By Tim Baffoe-

(CBS) I know that Yoenis Cespedes won the 2014 Home Run Derby because Wayne Randazzo told me on 670 The Score as I drove home late Monday night from a class I’m taking. At no point before, during or after doing some literary analysis of August Wilson’s play Fences — a work that includes baseball in its plot — with 13 other English major dorks did I lament missing out on watching.

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Because the Home Run Derby is no longer interesting to me, and gauging from the radio and social media, I’m not alone.

Throughout the day I watched my Twitter feed prime itself with the combination of whining and making jokes about the event hours before, stretching out Twitter limbs for some whining and making jokes during the event, to later morph into whining and making jokes about after. Hate-watching — a modern practice I participate in all the time.

But for us hate-watchers, if we’re honest with ourselves, we only engage in it because A) we secretly do kind of enjoy what we’re watching and B) we can’t think of anything better to do with ourselves. Reading a book, watching a different program of more substance or taking a walk in the woods because you wish to live deliberately, to front only the essential facts of life and see if you could not learn what it had to teach, and not, when you came to die, discover that you spent a few hours making fun of the the Home Run Derby’s rain delay — that stuff is harder to do than make fun of the Home Run Derby’s rain delay.

The Derby is an exception for me, though. I didn’t hate-watch it, and I feel totally fine. I didn’t need to wake up and read a recap. My 2014 is Derby-free, and I don’t feel empty inside. Maybe you who also is jaded by professional athletes doing batting practice might try that.

What do you risk losing? New re-wordings of mockery about Chris Berman’s re-wordings of suburbs the home runs landed in? Or do you fear not witnessing the majesty and history of guys paid to hit home runs in meaningful games against pitchers throwing nasty breaking stuff and crackling heaters hitting home runs off of pitching coaches soft-tossing balls to them?

Exhibitions in pro sports are passé. And there isn’t really anything that can be done to improve the format. Targets in the outfield? Yeah, see the dip in homers and their distances accelerate as sluggers try to “place” a 390-foot shot. The choosing of team captains added zero spice. A guy playing for some civilian not even from his team’s city to win a house just made me hate my mortgage payments more.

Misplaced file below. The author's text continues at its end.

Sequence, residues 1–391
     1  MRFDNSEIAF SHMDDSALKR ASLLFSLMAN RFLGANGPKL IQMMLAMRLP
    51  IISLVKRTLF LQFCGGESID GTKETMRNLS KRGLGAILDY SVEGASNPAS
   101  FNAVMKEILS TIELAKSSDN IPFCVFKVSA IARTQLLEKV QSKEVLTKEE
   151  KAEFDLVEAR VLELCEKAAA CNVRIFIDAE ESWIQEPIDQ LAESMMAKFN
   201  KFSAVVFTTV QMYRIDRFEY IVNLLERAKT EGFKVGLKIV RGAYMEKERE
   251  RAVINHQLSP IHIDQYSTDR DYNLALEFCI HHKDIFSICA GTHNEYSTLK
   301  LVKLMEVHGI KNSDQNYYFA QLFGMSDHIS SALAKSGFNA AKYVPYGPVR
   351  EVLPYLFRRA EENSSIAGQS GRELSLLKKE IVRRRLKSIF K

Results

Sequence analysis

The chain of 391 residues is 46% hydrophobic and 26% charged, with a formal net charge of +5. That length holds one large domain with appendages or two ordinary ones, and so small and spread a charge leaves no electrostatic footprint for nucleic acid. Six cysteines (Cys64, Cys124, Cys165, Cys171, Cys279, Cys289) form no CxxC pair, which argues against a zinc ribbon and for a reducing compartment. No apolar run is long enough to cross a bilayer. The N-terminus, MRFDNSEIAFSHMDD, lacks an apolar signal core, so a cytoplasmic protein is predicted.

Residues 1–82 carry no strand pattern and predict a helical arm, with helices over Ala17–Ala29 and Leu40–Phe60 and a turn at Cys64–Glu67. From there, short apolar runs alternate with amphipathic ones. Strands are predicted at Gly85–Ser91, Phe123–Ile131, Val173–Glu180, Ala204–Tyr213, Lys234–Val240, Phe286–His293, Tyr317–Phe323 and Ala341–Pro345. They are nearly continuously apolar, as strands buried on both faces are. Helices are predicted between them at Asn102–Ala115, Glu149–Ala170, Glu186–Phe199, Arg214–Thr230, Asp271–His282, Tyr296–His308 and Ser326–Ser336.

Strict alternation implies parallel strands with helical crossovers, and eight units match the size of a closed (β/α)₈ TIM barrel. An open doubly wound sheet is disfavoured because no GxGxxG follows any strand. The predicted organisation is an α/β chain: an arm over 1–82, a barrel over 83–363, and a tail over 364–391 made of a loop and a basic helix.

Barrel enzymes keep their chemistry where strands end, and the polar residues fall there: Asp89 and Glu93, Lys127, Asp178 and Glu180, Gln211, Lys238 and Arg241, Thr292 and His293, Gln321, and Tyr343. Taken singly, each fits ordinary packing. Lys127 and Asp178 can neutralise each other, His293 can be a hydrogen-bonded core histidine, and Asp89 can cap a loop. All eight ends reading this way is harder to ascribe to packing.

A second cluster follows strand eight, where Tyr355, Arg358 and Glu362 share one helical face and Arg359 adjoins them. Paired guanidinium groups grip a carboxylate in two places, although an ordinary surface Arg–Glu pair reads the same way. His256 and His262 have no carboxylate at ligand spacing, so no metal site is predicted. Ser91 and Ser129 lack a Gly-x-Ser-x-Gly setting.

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Despite any lip service participants will pay, none of them would prefer spending a night at a ballpark not playing actual baseball over an actual day free for complete mind and body rest. Want to participate, Mike Trout? No. Miguel Cabrera? Nope. MLB home run leader and probable American League Rookie of the Year Jose Abreu? Nah. And the guy one homer behind him, Nelson Cruz? Pass. All of these top mashers worry that the Home Run Derby will negatively affect their swings going forward in real games that matter.

“When you get asked to do something like this, I wasn’t even thinking about my swing, not at all,” noted famous baseball celebrity and Derby participant Todd Frazier said. Good for him. Those other guys all hate fun.

The Derby is tired and seemingly unimprovable. That is, at least until people stop watching. So don’t. Liberate yourself from a pointless evening of Berman soundtracking baseball’s equivalent of a monster truck rally. Run away from the heroes daring to point out that in America our ball-go-far-hitters need to speak American during the all-important, always enlightening on-field interview.

Usually I find binary reasoning like that lame if there exists a potential third option or an opportunity for improvement, but that doesn’t appear to be the case here. This isn’t the Slam Dunk Contest — hardly any room for creativity exists in a hitting exhibition, and even the dunkers are now struggling to come up with new, interesting approaches that don’t border on the absurd.

It seems like for a lot of us, we watch these pseudosports events just because we instinctively gravitate to anything related to sports, as though we can’t go a day without watching competition. Networks have sort of figured that out, and so there isn’t an urgency to make any change. It’s OK if not downright healthy to take a step back for a day or two in the middle of the summer from sports. I don’t plan on watching the All-Star Game either, mostly out of protest to the “It Counts” garbage. And I won’t watch the ESPYs either.

Then when real baseball returns on Friday, I’ll go back to appreciating the sports stuff that matters. In the meantime, I think that despite avoiding the exhibition stuff masquerading as important, I’ll be OK.

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You can follow Tim on Twitter @TimBaffoe.